SOUTH SAN FRANCISCO, Calif., Sept. 22 /PRNewswire-FirstCall/ -- Titan Pharmaceuticals, Inc. (OTC Bulletin Board: TTNP) today announced that patient enrollment is now complete in the confirmatory, Phase 3 clinical study of Probuphine for the treatment of opioid addiction. This placebo and active controlled Phase 3 study is being conducted at 20 sites in the United States and the results are expected in the second quarter of 2011, about three months ahead of the original schedule. This study is part of a registration-directed program intended to obtain marketing approval of Probuphine for the treatment of opioid addiction in the United States and Europe.
"We are very encouraged by the excellent response to recruitment for this trial. Thanks to the ongoing dedication of the Probuphine Consortium of clinical investigators and their staff, we expect to report the results of this important trial significantly ahead of schedule, in the second quarter of next year," said Dr. Katherine L. Beebe, Senior Vice President, Clinical Development and Medical Affairs and Principal Investigator of the study.
This study is partially supported by a two-year $7.6 million, Research and Research Infrastructure Grand Opportunities grant through the American Reinvestment and Recovery Act of 2009 (ARRA), and the second year allocation of approximately $2 million has recently been approved by the National Institutes of Health (NIH). The grant is administered by the National Institute on Drug Abuse (NIDA).
Initial safety and effectiveness of treatment for opioid addiction with Probuphine has been demonstrated in a series of clinical studies. Probuphine also has the potential to reduce limitations currently associated with daily oral buprenorphine therapy, including poor compliance, withdrawal and craving symptoms associated with variable blood levels and diversion and non-medical use of the drug. Results of the Probuphine development program to date will be presented during a symposium titled "Buprenorphine Implant for the Long-Term Treatment of Opioid Dependence," on October 6, 2010 in Milan, Italy at the 2010 International Society of Addiction Medicine (ISAM) conference. The 90-minute symposium is co-chaired by Dr. Beebe of Titan and Dr. Ivan Montoya of NIDA, Division of Pharmacotherapies and Medical Consequences of Drug Abuse (DPMCDA), and will cover all aspects of the Probuphine development program from early non-clinical studies to pharmacokinetic and clinical studies demonstrating the safety and effectiveness of Probuphine. Further information about the scientific program may be found on the ISAM website at http://www.isam2010.medicina.unimib.it/scientific_program/day6/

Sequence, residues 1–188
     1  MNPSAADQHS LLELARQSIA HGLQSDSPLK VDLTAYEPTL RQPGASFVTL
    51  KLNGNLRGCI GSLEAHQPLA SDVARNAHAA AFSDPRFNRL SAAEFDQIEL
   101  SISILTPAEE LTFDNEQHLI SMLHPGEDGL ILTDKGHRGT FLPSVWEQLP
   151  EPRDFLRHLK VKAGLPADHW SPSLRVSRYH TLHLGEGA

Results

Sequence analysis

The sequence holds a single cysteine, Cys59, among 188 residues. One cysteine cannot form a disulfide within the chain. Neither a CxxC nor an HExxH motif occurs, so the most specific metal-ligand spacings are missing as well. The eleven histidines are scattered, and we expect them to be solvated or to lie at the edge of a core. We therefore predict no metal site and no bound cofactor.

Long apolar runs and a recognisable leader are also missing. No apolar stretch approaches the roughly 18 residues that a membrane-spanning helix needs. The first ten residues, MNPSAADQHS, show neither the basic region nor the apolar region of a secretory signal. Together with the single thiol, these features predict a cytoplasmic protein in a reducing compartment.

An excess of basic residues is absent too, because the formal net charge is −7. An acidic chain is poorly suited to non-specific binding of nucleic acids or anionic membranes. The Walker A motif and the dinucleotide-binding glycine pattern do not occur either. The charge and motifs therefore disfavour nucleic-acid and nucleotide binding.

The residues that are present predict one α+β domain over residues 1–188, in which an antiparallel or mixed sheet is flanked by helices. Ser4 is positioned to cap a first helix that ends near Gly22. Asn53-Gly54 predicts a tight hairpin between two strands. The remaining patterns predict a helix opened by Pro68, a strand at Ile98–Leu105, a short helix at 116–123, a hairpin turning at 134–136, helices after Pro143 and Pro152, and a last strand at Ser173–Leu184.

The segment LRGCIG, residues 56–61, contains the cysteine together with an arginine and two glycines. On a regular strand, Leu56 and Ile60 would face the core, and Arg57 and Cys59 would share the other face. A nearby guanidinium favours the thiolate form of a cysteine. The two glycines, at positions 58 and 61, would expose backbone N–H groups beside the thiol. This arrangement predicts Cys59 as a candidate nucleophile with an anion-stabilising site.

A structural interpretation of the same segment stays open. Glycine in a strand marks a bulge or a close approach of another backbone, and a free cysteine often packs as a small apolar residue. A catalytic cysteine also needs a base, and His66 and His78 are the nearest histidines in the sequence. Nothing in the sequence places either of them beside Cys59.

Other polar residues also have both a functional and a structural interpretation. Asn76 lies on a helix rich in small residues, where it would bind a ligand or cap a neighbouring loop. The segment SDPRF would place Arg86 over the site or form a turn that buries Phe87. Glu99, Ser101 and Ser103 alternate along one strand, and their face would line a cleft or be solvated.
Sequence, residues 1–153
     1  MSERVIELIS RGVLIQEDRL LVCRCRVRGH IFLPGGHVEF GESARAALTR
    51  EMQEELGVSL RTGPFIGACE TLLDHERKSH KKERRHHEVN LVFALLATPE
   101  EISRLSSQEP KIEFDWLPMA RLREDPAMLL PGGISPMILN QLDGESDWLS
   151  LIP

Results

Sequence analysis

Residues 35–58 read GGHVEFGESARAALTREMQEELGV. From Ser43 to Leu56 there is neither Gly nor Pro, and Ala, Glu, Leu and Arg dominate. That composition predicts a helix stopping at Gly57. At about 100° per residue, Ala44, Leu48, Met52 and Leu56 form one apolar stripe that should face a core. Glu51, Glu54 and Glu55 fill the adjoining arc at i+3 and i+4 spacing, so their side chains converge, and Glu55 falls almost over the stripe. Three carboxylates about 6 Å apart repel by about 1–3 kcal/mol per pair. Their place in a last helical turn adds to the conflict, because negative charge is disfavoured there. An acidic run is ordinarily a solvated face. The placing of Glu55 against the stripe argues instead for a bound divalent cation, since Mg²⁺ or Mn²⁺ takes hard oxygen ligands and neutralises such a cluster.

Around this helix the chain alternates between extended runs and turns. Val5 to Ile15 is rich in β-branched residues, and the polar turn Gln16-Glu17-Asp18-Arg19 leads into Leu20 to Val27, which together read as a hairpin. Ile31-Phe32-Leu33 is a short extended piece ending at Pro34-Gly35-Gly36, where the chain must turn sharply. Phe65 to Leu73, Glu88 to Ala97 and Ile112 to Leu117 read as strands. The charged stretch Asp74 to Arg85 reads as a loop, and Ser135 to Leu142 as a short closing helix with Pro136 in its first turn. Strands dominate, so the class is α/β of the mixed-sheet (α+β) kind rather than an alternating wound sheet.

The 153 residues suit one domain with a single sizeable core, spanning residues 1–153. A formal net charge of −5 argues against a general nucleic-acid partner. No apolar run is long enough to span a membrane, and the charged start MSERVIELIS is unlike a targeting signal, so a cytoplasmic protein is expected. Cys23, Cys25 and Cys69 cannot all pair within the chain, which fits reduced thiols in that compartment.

The World Health Organization estimates that 2.8 million individuals in the U.S. and Europe are addicted to illicit opiates such as heroin, and more than 2.0 million individuals in the U.S. alone are addicted to prescription opioid medications. It is estimated that about twenty percent of this population are currently receiving pharmacological treatment.
Probuphine is designed to deliver six months of continuous round-the-clock, long-term therapeutic levels of the drug buprenorphine following a single subcutaneous treatment. Buprenorphine, an approved agent for the treatment of opioid addiction, is currently available mainly in the form of a sublingual tablet formulation. The safety and effectiveness of treatment with Probuphine has been initially established in the three Phase 3 studies conducted to date, specifically, a 163 patient placebo controlled study which demonstrated clinically meaningful and statistically significant treatment with Probuphine over a 24 week period, an open label 24 week retreatment study in 62 patients who had successfully completed six months of treatment in the controlled study, and a relative bioavailability study in 9 patients treated with Suboxone® and then switched to Probuphine treatment for 60 days.
Probuphine was developed using ProNeura, Titan's continuous drug delivery system that consists of a small, solid rod made from a mixture of ethylene-vinyl acetate (EVA) and a drug substance. The resulting product is a solid matrix that is placed subcutaneously, normally in the upper arm in a simple office procedure, and is removed in a similar manner at the end of the treatment period. The drug substance is released slowly, at continuous levels, through the process of diffusion. This results in a constant rate of release similar to intravenous administration.